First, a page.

2.3. Object Model

The devices, queues, and other entities in Vulkan are represented by Vulkan objects. At the API level, all objects are referred to by handles. There are two classes of handles, dispatchable and non-dispatchable. Dispatchable handle types are a pointer to an opaque type. This pointer may be used by layers as part of intercepting API commands, and thus each API command takes a dispatchable type as its first parameter. Each object of a dispatchable type must have a unique handle value during its lifetime.

Non-dispatchable handle types are a 64-bit integer type whose meaning is implementation-dependent, and may encode object information directly in the handle rather than pointing to a software structure. Objects of a non-dispatchable type may not have unique handle values within a type or across types. If handle values are not unique, then destroying one such handle must not cause identical handles of other types to become invalid, and must not cause identical handles of the same type to become invalid if that handle value has been created more times than it has been destroyed.

All objects created or allocated from a VkDevice (i.e. with a VkDevice as the first parameter) are private to that device, and must not be used on other devices.

2.3.1. Object Lifetime

Objects are created or allocated by vkCreate* and vkAllocate* commands, respectively. Once an object is created or allocated, its “structure” is considered to be immutable, though the contents of certain object types is still free to change. Objects are destroyed or freed by vkDestroy* and vkFree* commands, respectively.

Objects that are allocated (rather than created) take resources from an existing pool object or memory heap, and when freed return resources to that pool or heap. While object creation and destruction are generally expected to be low-frequency occurrences during runtime, allocating and freeing objects can occur at high frequency. Pool objects help accommodate improved performance of the allocations and frees.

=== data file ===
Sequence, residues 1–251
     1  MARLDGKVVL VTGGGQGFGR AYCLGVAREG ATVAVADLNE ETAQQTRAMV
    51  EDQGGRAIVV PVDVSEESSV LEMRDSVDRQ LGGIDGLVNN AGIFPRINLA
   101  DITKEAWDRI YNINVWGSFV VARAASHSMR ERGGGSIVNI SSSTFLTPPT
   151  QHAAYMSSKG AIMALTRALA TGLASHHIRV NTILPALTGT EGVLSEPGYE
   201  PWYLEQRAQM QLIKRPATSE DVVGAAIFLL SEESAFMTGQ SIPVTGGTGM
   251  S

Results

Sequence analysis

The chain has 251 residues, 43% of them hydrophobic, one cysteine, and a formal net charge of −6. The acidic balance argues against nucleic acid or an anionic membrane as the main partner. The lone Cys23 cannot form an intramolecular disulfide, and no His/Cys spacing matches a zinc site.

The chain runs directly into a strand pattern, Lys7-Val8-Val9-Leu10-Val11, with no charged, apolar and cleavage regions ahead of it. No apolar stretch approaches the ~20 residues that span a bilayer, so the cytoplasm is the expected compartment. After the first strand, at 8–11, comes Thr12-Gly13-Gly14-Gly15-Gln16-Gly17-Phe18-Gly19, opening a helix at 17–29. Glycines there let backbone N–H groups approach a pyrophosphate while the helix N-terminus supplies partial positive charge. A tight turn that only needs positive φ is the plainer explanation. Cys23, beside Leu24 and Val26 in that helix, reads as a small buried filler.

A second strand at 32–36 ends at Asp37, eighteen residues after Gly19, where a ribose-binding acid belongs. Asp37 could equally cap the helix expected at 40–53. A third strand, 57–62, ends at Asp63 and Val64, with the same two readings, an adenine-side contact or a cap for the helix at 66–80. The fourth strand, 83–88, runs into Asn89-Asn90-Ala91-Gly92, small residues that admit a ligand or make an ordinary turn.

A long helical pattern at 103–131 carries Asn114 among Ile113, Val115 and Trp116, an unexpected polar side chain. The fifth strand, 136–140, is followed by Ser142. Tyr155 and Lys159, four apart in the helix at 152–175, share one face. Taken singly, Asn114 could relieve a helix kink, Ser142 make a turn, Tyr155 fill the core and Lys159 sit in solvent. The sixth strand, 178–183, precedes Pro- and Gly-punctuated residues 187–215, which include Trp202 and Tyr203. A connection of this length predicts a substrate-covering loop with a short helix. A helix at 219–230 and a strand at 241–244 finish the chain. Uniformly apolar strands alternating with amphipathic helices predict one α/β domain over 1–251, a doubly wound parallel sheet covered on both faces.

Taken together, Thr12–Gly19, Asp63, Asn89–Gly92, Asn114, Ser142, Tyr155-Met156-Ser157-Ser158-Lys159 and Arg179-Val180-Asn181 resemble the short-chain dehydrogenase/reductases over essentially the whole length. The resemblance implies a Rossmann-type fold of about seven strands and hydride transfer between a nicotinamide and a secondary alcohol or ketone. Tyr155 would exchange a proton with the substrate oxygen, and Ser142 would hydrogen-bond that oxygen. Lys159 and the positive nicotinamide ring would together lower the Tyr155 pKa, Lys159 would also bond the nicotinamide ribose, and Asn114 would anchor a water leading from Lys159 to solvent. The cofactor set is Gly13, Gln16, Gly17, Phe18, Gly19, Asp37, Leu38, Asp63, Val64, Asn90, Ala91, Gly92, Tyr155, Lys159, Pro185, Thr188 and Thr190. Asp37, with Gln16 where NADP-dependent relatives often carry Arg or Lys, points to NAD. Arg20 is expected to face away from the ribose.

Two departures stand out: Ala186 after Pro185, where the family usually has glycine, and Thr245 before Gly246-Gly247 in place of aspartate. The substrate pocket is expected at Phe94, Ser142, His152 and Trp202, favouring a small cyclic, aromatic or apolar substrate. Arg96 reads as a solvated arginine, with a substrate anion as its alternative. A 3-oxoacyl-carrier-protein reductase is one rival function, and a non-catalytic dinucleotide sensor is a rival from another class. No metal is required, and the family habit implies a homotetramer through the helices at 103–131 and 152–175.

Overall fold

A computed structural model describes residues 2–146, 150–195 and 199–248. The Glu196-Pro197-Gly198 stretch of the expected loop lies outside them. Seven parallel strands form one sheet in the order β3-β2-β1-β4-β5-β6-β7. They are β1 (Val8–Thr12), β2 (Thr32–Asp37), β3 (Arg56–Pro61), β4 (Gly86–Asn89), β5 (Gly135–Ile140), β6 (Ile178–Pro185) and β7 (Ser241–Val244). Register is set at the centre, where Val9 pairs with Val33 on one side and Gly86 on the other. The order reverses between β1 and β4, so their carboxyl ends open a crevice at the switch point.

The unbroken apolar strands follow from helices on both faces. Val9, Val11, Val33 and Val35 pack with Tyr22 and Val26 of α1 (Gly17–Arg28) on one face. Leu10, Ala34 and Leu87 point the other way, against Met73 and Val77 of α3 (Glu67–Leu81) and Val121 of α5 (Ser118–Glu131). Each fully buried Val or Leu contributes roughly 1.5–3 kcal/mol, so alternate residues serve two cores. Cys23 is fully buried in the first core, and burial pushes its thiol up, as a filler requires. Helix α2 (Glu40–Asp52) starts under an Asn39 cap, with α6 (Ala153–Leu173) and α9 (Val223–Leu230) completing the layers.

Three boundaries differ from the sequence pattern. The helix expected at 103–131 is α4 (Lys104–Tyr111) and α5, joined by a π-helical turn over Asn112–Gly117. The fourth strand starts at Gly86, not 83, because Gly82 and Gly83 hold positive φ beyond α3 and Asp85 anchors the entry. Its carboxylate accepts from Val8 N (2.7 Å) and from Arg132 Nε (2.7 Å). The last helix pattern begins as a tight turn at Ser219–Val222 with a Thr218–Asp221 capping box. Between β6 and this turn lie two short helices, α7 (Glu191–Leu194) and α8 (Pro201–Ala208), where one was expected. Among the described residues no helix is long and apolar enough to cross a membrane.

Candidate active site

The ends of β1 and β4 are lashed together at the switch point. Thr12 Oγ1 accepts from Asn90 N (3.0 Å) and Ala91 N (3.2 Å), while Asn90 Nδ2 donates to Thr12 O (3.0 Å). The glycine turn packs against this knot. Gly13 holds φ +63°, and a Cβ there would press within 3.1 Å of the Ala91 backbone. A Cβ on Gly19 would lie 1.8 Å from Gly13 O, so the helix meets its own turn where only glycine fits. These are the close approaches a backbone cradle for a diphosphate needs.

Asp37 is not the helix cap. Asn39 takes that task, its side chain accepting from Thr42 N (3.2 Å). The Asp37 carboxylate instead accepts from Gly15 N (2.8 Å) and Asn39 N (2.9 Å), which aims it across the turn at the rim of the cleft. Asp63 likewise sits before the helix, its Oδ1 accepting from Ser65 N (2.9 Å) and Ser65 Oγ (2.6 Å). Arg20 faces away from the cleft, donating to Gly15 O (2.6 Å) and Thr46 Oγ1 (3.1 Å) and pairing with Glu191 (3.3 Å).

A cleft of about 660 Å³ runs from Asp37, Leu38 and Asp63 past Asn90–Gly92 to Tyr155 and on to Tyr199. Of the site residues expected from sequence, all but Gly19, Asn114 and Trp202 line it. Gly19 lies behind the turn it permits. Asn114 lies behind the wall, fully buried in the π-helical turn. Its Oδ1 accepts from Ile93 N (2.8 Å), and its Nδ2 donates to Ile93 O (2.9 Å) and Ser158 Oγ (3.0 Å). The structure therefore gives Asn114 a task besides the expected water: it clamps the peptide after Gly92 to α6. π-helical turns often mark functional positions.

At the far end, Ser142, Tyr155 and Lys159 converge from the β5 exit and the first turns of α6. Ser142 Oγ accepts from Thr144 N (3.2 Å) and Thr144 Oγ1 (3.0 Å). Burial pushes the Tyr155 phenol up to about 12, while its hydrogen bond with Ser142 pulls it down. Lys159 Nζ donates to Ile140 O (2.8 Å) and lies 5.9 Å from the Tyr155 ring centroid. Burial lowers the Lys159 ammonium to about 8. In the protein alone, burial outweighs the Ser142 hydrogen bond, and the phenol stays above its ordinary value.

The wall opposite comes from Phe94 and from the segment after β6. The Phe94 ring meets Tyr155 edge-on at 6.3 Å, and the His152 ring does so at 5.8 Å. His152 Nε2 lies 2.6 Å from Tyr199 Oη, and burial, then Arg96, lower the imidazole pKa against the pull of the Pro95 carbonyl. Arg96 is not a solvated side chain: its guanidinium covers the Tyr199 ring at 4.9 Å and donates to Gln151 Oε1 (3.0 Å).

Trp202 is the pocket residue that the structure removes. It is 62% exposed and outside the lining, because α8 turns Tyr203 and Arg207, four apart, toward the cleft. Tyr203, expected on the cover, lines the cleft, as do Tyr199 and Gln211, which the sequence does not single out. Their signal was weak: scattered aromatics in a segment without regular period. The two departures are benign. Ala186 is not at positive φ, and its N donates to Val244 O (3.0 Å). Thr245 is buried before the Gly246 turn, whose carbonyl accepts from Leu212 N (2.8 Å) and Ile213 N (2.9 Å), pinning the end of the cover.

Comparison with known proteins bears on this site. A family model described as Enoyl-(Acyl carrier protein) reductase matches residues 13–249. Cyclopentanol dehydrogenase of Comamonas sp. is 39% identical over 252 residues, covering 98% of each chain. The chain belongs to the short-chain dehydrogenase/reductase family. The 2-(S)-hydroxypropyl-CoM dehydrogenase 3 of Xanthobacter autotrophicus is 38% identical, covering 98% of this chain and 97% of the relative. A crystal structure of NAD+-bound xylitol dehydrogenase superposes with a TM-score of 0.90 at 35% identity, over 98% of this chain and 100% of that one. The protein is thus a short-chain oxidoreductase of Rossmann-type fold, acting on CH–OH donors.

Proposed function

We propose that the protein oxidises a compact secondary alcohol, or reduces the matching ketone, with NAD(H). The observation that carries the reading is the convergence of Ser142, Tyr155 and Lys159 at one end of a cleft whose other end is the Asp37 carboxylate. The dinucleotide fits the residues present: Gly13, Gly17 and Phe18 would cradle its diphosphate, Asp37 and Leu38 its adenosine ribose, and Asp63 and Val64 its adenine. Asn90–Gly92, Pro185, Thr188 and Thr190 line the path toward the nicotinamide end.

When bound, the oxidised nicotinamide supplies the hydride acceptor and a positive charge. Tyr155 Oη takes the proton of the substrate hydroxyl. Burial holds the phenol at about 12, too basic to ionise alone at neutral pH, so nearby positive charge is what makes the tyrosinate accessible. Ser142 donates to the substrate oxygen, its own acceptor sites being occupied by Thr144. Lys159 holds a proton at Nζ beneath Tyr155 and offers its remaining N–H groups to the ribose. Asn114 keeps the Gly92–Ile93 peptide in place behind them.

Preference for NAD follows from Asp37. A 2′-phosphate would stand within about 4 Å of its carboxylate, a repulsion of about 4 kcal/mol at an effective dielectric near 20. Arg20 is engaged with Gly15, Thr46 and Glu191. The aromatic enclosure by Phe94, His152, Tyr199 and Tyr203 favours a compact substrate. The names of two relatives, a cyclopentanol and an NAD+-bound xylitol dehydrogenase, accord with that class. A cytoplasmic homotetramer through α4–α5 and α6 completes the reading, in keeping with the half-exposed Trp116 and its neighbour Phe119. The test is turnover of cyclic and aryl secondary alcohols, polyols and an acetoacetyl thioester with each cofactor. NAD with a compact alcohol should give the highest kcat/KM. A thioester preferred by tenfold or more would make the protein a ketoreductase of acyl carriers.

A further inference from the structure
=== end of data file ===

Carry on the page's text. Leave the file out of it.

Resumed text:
It is an application’s responsibility to track the lifetime of Vulkan objects, and not to destroy them while they are still in use.

Application-owned memory is immediately consumed by any Vulkan command it is passed into. The application can alter or free this memory as soon as the commands that consume it have returned.

The following object types are consumed when they are passed into a Vulkan command and not further accessed by the objects they are used to create. They can be destroyed at any time they are not in use by an API command:

  • VkShaderModule
  • VkPipelineCache
  • VkPipelineLayout

VkDescriptorSetLayout objects may be accessed by commands that operate on descriptor sets allocated using that layout, and those descriptor sets must not be updated with vkUpdateDescriptorSets after the descriptor set layout has been destroyed. Otherwise, descriptor set layouts can be destroyed any time they are not in use by an API command.

The application must not destroy any other type of Vulkan object until all uses of that object by the device (such as via command buffer execution) have completed.